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2014 Winning at the Game of Office Politics Jo Miller, CEO, Women’s Leadership Coaching, Inc. 2014 #GHC14

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Presentation on theme: "2014 Winning at the Game of Office Politics Jo Miller, CEO, Women’s Leadership Coaching, Inc. 2014 #GHC14"— Presentation transcript:

1 2014 Winning at the Game of Office Politics Jo Miller, CEO, Women’s Leadership Coaching, Inc #GHC14

2 2014 Jo Miller  Founding Editor of BeLeaderly.com and CEO of Women’s Leadership Coaching, Inc.  Helps emerging women leaders create a roadmap for their career advancement.  A leading authority on women’s leadership, Jo delivers more than 60 speaking presentations annually to audiences of up to 1,200.  Has traveled widely in Europe, Asia Pacific, and the Middle East to deliver keynotes and teach workshops for conferences, professional associations, and corporate women’s initiatives.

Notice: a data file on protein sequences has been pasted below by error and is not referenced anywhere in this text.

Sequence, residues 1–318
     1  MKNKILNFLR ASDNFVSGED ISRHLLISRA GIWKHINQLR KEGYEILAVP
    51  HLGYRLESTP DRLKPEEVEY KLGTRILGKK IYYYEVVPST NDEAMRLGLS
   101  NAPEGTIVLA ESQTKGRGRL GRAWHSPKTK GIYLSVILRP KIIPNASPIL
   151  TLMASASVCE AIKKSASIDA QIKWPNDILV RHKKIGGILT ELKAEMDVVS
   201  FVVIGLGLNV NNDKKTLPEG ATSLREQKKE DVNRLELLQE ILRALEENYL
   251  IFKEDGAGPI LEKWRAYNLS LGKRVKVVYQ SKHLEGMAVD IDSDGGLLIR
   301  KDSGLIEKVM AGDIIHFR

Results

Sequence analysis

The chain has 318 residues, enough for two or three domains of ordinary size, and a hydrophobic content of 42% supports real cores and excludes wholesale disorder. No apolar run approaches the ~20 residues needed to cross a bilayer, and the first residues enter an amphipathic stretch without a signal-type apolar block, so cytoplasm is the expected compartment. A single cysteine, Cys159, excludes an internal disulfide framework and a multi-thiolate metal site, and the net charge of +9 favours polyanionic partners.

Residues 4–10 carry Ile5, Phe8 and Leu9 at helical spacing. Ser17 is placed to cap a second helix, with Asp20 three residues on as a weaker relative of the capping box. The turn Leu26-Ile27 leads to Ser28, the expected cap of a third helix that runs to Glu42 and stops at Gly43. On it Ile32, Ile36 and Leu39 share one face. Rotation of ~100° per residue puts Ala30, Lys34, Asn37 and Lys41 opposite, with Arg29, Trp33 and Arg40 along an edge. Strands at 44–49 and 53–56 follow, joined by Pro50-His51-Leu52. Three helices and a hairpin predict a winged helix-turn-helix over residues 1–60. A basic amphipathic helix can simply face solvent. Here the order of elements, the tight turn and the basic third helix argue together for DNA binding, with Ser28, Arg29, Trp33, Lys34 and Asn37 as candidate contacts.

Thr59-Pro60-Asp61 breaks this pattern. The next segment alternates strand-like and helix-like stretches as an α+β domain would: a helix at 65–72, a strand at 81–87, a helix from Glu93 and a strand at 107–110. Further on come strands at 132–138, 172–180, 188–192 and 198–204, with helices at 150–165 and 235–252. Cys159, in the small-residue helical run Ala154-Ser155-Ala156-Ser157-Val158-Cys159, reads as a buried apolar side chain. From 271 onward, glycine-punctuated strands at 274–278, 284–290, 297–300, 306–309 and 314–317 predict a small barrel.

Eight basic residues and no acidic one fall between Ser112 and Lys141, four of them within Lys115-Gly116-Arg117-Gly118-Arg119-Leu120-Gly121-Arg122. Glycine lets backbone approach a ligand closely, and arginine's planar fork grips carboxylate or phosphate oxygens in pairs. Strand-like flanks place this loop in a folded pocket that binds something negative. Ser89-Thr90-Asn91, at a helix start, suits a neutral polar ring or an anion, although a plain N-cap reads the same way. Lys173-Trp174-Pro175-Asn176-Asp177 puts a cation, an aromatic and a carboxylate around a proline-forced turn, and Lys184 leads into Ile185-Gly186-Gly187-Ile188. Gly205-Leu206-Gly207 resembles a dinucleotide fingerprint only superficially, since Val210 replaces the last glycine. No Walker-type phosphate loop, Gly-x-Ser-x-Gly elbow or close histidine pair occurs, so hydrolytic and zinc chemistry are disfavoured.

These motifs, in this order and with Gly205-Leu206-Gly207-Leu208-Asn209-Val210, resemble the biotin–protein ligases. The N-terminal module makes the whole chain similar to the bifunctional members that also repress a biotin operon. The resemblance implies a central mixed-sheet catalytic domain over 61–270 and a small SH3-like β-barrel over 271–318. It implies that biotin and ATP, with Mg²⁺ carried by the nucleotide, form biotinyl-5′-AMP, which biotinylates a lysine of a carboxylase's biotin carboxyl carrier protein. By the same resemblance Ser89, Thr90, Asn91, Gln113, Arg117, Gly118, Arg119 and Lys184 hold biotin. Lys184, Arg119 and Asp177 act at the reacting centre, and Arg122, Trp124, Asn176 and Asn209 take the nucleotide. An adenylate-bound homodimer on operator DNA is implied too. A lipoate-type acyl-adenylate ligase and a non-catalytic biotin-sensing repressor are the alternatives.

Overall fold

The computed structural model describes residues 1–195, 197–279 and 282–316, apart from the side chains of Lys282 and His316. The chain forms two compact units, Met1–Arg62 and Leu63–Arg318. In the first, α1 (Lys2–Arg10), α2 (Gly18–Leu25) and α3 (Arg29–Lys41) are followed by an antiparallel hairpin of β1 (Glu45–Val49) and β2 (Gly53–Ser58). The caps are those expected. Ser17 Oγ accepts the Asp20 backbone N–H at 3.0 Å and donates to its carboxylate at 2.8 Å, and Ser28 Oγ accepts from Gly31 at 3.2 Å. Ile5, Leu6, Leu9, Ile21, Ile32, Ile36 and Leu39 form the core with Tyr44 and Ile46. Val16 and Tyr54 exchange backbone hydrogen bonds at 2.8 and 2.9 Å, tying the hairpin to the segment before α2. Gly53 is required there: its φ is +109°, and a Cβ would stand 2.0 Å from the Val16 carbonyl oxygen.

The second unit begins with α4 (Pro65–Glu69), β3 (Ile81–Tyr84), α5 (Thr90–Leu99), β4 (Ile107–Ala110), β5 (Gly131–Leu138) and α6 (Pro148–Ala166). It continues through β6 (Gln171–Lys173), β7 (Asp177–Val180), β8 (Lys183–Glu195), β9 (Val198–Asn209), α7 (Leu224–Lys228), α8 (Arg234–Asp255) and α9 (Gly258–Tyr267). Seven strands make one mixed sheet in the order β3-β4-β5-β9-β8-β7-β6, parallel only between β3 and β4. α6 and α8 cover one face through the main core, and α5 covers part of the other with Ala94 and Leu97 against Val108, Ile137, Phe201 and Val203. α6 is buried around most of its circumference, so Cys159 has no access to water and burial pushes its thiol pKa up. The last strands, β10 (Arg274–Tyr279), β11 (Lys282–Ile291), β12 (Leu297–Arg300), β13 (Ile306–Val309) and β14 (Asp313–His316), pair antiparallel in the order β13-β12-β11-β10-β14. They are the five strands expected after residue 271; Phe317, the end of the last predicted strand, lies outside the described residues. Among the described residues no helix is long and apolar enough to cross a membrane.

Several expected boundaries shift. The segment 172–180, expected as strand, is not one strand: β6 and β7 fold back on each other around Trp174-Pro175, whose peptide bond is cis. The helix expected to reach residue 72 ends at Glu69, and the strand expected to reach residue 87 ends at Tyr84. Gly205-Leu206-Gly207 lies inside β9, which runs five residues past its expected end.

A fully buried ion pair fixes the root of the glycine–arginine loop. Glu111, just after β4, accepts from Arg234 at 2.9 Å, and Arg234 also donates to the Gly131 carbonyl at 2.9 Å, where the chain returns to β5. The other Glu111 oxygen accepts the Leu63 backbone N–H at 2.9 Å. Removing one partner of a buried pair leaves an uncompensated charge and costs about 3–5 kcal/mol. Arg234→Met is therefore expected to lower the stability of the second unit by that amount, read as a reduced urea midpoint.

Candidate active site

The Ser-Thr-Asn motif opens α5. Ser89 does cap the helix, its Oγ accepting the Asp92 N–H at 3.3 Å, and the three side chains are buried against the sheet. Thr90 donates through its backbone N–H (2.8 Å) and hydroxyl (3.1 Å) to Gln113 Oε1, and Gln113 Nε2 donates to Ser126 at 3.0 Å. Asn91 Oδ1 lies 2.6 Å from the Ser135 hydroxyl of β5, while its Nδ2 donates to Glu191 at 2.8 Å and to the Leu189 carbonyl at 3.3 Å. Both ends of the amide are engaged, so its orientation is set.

3 2014 I HAVE UNIQUE KOALAFICATIONS

4 2014 #GHC14

5 2014 The Emerging Leader’s Quandary  You can’t get a higher-level job without leadership experience…  But you can’t get the experience without the job.

6 2014 You can’t afford to wait Don’t wait for permission or an invitation to lead. Don’t wait for someone to promote you. Take charge of your own career trajectory!

7 2014  Are you the best kept secret in your organization?

8 2014 OFFICE POLITICS Do you enjoy playing the game?

9 2014 WHY YOU CAN’T AFFORD TO IGNORE OFFICE POLITICS

10 2014 In LinkedIn’s 2013 survey of 954 women, 23% reported office politics as their biggest frustration. I asked 169 professional women how they handled office politics. Over 80% said they ignore it, or reluctantly play the game where necessary.

11 2014 Many women managers find engaging in office politics to be difficult and painful. Ruderman and Ohlott, Some view it as “evil”.

12 2014 So, why not just ignore it?